By: Anthony Kimery 03/14/2014 ( 1:28pm)
In May 2007, INTERPOL Secretary General Ronald K. Noble warned the Senate Committee on the Judiciary’s Subcommittee on Terrorism, Technology and Homeland Security that countries which do not provide their border control officers at airports and other points of entry with direct access to INTERPOL’s database on Stolen and Lost Travel Documents (SLTD) are leaving their citizens exposed to grave danger.Noble told US lawmakers that terrorists’ use of stolen travel documents represents a gaping hole in global security.
The INTERPOL chief — a former Department of Treasury Under Secretary for Enforcement – said “The decision therefore by [then] Department of Homeland Security Secretary Michael Chertoff to give Customs and Border Protection [CBP] officers access to INTERPOL’s database by the end of 2007 is one which should be welcomed as a significant step forward in enhancing border security.”“Clearly,” Noble told the committee, “the next step is for all border officers at all airports and other points of entry in all countries around the world to be given access to INTERPOL’s SLTD database, and for the support network to be put in place to ensure that any country registering a hit can immediately receive any necessary follow-up information.”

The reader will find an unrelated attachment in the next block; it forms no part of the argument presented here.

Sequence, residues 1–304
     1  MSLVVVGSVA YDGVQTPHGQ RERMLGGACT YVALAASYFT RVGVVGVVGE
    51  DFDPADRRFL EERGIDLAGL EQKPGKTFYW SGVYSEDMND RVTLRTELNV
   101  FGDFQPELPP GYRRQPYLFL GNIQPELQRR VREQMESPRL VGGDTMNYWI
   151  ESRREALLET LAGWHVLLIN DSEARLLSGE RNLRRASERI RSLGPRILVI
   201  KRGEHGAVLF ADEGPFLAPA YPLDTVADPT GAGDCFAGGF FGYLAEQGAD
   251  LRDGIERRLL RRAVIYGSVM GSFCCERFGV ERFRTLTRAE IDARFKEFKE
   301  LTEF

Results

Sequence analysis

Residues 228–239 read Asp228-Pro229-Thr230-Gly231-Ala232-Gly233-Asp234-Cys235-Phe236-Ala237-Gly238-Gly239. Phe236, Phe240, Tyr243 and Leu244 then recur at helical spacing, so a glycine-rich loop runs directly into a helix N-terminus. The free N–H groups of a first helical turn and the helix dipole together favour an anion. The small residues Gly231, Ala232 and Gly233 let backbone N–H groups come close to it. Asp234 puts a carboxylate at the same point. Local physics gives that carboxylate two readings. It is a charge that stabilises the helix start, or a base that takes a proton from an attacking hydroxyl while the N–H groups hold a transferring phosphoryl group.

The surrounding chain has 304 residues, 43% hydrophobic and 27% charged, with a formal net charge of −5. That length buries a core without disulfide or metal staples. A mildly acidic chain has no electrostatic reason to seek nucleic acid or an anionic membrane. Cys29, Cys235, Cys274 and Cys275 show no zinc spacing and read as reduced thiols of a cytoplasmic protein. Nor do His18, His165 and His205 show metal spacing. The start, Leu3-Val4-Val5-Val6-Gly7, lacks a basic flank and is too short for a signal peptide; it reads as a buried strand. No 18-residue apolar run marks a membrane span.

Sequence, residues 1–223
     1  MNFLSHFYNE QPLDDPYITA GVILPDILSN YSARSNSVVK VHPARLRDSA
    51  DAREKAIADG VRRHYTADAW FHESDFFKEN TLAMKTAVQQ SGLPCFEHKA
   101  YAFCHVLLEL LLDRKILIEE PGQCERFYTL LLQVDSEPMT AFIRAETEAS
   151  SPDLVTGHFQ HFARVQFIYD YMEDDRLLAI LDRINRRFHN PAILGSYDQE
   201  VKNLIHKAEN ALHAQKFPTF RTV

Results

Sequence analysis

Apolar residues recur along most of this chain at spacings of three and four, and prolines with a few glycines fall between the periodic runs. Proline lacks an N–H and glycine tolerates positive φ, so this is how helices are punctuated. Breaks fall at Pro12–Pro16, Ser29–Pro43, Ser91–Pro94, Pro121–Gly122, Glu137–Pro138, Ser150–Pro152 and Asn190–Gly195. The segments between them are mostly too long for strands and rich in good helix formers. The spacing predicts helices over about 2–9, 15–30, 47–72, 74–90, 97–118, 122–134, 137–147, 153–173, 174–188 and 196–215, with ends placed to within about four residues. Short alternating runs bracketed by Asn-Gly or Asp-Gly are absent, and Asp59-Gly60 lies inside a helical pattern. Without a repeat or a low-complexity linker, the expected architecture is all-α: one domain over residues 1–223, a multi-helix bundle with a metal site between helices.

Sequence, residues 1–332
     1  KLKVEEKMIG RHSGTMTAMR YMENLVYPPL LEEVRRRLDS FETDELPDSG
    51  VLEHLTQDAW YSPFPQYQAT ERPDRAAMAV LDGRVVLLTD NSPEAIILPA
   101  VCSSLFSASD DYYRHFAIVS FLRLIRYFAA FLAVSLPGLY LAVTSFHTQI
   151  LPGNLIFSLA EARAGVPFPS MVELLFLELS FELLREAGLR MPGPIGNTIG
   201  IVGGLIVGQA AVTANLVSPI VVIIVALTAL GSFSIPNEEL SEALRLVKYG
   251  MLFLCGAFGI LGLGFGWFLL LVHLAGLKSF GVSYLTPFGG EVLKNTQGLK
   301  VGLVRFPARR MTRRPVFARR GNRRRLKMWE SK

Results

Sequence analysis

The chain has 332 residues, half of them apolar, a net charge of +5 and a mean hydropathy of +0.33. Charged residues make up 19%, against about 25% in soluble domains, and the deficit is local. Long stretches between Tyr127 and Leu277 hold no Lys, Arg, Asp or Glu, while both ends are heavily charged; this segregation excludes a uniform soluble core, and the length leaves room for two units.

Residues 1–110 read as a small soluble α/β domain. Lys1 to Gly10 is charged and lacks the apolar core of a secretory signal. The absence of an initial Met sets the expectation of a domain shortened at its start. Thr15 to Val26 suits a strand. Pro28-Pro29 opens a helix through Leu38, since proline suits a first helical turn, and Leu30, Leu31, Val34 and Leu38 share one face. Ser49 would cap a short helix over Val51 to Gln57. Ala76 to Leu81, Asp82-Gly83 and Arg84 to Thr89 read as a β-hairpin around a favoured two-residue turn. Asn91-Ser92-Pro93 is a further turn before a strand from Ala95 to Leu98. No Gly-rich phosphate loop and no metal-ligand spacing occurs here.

More recently, Noble warned that “The bad news is that, despite being incredibly cost effective and deployable to virtually anywhere in the world, only a handful of countries are systematically using SLTD to screen travelers … The result is a major gap in our global security apparatus that is left vulnerable to exploitation by criminals and terrorists.”“Stolen blank passports [are] among the most prized resources for those attempting to enter a country under a false identity,” INTERPOL said in a statement.
INTERPOL created its SLTD database in 2002 with just a few thousand entries from a handful of countries. Today, the database has grown from a few thousand passports and searches to more than 40 million entries on millions of stolen and lost travel documents from 167 countries and more than 800 million searches a year, resulting in more than 60,000 hits.